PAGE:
Structure of graphene grown on liquid Cu by X-ray scattering
Francesco La Porta, Oleg Konovalov
ID10, European Synchrotron Radiation Facility (ESRF), Grenoble, France
Liquid metals are known to catalyse the dissociation of methane and favour the formation of graphene crystals. Information about the lattice parameters the thickness and crystalline quality of the graphene layer is extremely important as they are directly correlated to its optical and electrical properties. In this scenario, x-ray scattering techniques play an important role to characterize the 2D material.
We applied: 1) Grazing Incidence Diffraction (GID) to determine the lattice parameters of two dimensional graphene and 2) X-Ray Reflectivity (XRR) to obtain the information about roughness of interfaces, the graphene layer thickness and van-der-Waals gap between copper and graphene. Both techniques require to have a well-defined grazing angle, which is however difficult to obtain in our system because the liquid copper forms a drop on the flat W sample holder. A solution of this problem will be discussed.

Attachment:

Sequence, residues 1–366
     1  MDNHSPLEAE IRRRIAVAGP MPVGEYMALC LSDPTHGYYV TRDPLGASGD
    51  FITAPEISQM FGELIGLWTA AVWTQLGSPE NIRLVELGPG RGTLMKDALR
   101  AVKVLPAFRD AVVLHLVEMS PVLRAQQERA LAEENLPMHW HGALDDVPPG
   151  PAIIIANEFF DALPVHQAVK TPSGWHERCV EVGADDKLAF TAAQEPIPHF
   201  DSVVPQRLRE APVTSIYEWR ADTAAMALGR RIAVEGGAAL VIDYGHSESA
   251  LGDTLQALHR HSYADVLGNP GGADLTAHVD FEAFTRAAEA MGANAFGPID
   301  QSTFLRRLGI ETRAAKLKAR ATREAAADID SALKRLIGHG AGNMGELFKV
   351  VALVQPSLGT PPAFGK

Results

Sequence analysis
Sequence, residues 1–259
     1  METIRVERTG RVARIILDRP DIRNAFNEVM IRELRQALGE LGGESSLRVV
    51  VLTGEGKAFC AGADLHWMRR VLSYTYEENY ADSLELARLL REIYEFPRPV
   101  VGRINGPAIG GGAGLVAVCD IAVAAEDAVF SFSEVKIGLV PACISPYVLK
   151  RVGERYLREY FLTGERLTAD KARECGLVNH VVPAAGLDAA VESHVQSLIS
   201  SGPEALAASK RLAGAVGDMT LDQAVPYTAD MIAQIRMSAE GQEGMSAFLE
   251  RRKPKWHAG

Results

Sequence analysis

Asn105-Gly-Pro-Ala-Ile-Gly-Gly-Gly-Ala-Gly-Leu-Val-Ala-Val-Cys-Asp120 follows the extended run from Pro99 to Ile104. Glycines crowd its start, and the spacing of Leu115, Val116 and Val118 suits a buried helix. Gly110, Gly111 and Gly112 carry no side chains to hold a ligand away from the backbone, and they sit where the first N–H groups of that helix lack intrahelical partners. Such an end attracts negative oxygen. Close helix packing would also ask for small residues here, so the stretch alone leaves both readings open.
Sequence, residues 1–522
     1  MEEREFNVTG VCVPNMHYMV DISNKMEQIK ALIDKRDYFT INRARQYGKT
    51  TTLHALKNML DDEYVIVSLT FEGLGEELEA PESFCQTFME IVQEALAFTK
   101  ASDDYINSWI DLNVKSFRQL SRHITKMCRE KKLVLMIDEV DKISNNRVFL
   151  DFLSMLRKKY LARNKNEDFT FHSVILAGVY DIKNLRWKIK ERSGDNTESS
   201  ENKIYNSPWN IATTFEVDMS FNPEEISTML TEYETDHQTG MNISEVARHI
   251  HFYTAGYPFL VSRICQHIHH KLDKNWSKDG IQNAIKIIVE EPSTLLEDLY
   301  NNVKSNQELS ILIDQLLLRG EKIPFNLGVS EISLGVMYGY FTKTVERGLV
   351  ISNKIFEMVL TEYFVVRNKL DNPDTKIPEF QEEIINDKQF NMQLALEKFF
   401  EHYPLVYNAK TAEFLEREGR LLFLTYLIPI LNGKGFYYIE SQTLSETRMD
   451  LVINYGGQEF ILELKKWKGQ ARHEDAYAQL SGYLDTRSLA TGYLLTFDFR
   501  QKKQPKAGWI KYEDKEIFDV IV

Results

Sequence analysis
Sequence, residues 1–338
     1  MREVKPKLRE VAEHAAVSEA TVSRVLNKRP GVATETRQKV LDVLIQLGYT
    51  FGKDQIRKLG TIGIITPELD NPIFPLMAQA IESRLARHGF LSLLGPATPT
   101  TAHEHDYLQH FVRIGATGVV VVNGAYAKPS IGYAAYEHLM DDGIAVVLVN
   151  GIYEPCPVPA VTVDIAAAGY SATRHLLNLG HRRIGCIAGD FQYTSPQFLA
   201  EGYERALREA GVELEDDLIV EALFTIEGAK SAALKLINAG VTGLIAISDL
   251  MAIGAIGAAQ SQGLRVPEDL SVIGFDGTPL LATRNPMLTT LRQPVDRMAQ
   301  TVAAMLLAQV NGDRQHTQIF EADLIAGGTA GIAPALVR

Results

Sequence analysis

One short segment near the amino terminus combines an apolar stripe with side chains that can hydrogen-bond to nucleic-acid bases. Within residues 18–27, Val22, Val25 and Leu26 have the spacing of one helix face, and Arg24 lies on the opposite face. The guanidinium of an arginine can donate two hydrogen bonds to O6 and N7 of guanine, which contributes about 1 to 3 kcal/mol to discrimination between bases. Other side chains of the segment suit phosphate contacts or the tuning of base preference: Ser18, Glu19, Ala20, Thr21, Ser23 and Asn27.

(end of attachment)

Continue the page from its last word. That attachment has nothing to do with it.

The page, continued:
The LMCat (Liquid Metal Catalyst) reactor is a perfect tool to perform X-ray in-situ measurements. During the experiments at different synchrotron facilities, we obtained sharp Bragg rods coming from the diffraction of graphene crystals floating on the molten copper surface. These GID measurements provide us with the lattice parameters of presumably relaxed graphene crystals. From the XRR measurements, we deduce that the graphene layer is indeed a single atom thick, in agreement with the Raman and the optical microscope results. From the GID curves measured on the bare surface of liquid copper, the structure factor of molten copper has been extracted .
Together with Raman spectroscopy, these results provide crucial information to better understand the catalytic graphene growth process.